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China #MeToo journalist sentenced to five years in prison, supporters say

By Nectar Gan, CNN

Hong Kong (CNN) — A leading #MeToo journalist in China has been sentenced to five years in prison on subversion charges, according to supporters, as the ruling Communist Party ramps up its effort to dismantle what remains of the country’s civil society.

Huang Xueqin, an independent journalist, was found guilty by the Guangzhou Intermediate People’s Court Friday for “inciting subversion of state power,” supporters said.

Labor activist Wang Jianbin, another defendant in the case, was sentenced to three and a half years, according to supporters, who shared a copy of the verdict on X.

Huang told the court she would appeal, the supporters said, though it was not immediately clear if Wang would also appeal.

Huang, 36, and Wang, 40, have already spent nearly three years behind bars within China’s opaque judicial system.

They were detained by authorities in the southern city of Guangzhou in September 2021 and stood trial behind closed doors in September last year.

Huang, who worked as an investigative reporter for liberal-leaning media outlets in Guangzhou before becoming an independent journalist, had been an instrumental figure in sparking China’s #MeToo movement.

In 2018, she helped bring about the country’s first #MeToo case, using her influential social media presence to amplify the voice of a graduate student who accused her PhD supervisor of unwanted sexual advances.

She also spoke up about her own experiences of sexual harassment as a young intern at a national news agency, where she claimed she was groped and kissed by a senior male reporter and mentor.

To show the prevalence of the issue, she surveyed 416 female journalists in 2018 and found 84% of them had experienced sexual harassment in the workplace.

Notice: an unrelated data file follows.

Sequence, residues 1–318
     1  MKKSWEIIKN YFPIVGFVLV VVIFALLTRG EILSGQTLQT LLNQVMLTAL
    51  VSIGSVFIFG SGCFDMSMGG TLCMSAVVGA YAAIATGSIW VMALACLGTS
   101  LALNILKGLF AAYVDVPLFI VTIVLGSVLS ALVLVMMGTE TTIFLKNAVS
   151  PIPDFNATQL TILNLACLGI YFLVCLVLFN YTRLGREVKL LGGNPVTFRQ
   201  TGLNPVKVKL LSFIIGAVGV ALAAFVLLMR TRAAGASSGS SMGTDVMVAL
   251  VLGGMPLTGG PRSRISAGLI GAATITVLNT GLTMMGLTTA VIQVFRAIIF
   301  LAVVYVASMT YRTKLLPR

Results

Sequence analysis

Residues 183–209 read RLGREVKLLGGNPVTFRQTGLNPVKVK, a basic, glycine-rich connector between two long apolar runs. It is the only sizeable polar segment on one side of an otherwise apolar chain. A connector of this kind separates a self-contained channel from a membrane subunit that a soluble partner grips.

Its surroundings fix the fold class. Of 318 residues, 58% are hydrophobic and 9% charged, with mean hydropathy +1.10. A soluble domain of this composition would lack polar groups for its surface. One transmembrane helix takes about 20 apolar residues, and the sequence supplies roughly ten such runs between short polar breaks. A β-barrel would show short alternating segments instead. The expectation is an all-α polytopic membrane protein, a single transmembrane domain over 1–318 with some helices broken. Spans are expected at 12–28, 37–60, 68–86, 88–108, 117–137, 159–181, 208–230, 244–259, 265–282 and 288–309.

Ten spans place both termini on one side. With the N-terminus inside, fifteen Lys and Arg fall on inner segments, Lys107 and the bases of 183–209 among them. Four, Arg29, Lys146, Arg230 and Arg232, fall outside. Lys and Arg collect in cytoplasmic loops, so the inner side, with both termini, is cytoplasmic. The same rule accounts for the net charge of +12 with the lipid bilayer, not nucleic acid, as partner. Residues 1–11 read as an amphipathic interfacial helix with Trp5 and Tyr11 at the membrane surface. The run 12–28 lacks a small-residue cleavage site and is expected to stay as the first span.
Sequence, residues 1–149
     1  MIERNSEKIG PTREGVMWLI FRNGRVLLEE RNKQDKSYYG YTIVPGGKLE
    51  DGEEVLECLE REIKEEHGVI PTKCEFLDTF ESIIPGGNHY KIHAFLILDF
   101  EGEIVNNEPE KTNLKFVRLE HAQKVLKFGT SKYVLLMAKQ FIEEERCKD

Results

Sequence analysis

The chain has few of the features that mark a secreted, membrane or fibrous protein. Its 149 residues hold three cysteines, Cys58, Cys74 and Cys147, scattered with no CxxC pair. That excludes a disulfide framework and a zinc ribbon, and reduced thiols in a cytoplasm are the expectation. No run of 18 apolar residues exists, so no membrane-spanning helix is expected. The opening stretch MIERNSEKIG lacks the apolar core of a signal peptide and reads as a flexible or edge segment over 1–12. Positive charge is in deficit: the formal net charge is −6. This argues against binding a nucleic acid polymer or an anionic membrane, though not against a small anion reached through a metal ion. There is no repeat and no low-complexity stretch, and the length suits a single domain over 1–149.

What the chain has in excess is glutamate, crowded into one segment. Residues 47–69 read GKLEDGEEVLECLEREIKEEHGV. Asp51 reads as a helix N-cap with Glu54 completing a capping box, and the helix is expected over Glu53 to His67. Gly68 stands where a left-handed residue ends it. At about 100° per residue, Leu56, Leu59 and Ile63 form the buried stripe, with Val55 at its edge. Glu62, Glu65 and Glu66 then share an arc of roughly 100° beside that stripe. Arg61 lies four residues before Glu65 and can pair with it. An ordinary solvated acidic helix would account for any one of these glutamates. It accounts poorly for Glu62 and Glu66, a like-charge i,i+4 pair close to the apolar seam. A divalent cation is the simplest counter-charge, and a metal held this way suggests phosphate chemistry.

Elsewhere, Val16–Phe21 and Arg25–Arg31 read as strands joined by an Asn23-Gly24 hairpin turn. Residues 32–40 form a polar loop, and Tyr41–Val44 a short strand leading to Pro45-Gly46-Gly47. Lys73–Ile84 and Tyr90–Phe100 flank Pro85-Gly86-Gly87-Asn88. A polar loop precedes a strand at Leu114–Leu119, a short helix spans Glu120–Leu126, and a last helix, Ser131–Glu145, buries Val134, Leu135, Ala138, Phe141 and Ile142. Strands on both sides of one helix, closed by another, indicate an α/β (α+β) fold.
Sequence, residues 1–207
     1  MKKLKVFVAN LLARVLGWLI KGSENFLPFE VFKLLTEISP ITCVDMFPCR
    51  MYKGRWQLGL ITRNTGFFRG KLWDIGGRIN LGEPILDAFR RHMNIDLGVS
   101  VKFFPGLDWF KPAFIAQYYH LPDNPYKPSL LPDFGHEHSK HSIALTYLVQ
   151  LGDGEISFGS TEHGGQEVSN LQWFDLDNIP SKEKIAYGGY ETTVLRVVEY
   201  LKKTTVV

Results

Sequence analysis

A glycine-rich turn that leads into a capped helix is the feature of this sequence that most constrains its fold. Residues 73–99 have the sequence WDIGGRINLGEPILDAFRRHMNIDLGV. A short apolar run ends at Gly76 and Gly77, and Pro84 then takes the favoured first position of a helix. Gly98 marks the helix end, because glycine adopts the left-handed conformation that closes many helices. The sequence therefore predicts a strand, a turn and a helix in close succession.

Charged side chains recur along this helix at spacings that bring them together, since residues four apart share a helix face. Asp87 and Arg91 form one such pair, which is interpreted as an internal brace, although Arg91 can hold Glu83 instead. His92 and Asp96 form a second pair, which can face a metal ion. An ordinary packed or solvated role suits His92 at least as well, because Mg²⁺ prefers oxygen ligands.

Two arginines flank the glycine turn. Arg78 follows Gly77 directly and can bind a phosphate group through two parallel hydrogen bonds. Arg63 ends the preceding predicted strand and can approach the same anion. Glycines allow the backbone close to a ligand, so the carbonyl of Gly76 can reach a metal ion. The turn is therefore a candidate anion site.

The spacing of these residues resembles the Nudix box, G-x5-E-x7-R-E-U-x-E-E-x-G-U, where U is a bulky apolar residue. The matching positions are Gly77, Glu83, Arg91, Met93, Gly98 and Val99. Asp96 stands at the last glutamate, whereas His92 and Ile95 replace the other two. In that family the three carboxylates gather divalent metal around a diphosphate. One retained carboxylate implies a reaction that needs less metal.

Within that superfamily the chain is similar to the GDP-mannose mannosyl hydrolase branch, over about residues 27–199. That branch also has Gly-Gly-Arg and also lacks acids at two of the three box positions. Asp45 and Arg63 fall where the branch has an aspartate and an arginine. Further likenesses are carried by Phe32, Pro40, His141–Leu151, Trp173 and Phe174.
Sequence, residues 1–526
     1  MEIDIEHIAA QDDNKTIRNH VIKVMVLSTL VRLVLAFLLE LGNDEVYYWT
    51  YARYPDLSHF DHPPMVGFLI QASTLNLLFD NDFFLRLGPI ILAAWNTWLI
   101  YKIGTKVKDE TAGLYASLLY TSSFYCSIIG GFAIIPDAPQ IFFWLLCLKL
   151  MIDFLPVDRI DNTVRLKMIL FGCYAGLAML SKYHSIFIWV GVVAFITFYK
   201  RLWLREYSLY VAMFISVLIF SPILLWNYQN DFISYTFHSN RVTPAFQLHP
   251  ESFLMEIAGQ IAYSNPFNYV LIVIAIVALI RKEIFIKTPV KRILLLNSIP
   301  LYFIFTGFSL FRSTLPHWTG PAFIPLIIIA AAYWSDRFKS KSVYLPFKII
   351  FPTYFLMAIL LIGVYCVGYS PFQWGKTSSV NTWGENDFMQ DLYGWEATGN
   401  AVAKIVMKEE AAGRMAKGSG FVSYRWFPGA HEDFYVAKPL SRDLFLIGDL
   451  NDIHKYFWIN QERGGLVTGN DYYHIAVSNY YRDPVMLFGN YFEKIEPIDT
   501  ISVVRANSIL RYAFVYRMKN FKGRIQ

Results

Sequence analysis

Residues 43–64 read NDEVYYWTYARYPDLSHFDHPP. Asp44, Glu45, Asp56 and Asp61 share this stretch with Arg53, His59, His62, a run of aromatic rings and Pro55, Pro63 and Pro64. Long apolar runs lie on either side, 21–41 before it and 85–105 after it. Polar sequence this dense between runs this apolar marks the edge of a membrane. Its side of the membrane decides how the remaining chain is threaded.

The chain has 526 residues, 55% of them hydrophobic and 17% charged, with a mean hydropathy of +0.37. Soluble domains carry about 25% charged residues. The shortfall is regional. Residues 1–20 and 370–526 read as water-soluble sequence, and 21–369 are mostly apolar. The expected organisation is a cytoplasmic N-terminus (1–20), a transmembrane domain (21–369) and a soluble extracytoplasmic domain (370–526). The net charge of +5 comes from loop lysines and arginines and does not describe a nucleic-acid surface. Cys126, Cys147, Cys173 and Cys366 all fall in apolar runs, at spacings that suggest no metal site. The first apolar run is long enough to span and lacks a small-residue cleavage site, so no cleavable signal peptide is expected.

“There are so few people prosecuted because there are only so few victims who report,” she told CNN in a 2018 interview. “To most victims, it’s shame.”

Huang and Wang were detained the day before Huang was scheduled to fly to the United Kingdom to start her master’s degree on gender violence and conflict at the University of Sussex.

In a statement on Friday, Amnesty International noted the pair’s conviction came a day before the 1,000th day of their first arrest.

“These convictions will prolong their deeply unjust detention and have a further chilling effect on human rights and social advocacy in a country where activists face increasing state crackdowns,” the rights group said.

“These malicious and totally groundless convictions show just how terrified the Chinese government is of the emerging wave of activists who dare to speak out to protect the rights of others.”

Chinese courts are tightly controlled by the ruling Communist Party and have a conviction rate above 99.9%.

‘Isolated atoms’

Authorities have offered no details about Huang and Wang’s charges, but supporters believe their arrest could be related to weekly friends’ gatherings held at Wang’s apartment.

In the months following their detention, more than 70 friends and supporters of Huang and Wang were summoned by the police for questioning, according to supporters.

Some were forced to sign fabricated testimonies against the pair, claiming they had organized political gatherings to criticize the government, their supporters claimed.

Huang’s close friend said participants of the gatherings were a loose group of friends who cared about public affairs – from feminism, LGBTQ and labor rights to environmental protection. In addition to sharing their experiences and views, they also played board games and sometimes went hiking together.

A close friend of Huang previously told CNN the journalist had suffered significant weight loss in detention and stopped menstruating for months. She was undernourished and persistent back pain, said the friend, who requested anonymity fearing retribution by authorities.

“It’s a community where everyone supports each other. But it’s been disbanded ever since the detention. I have no sense of belonging anymore,” the friend told CNN last year ahead of the closed-door trial.

“The crackdown by authorities turned us into isolated atoms – it is difficult for everyone to band together again. The entire community is suppressed and silenced.”

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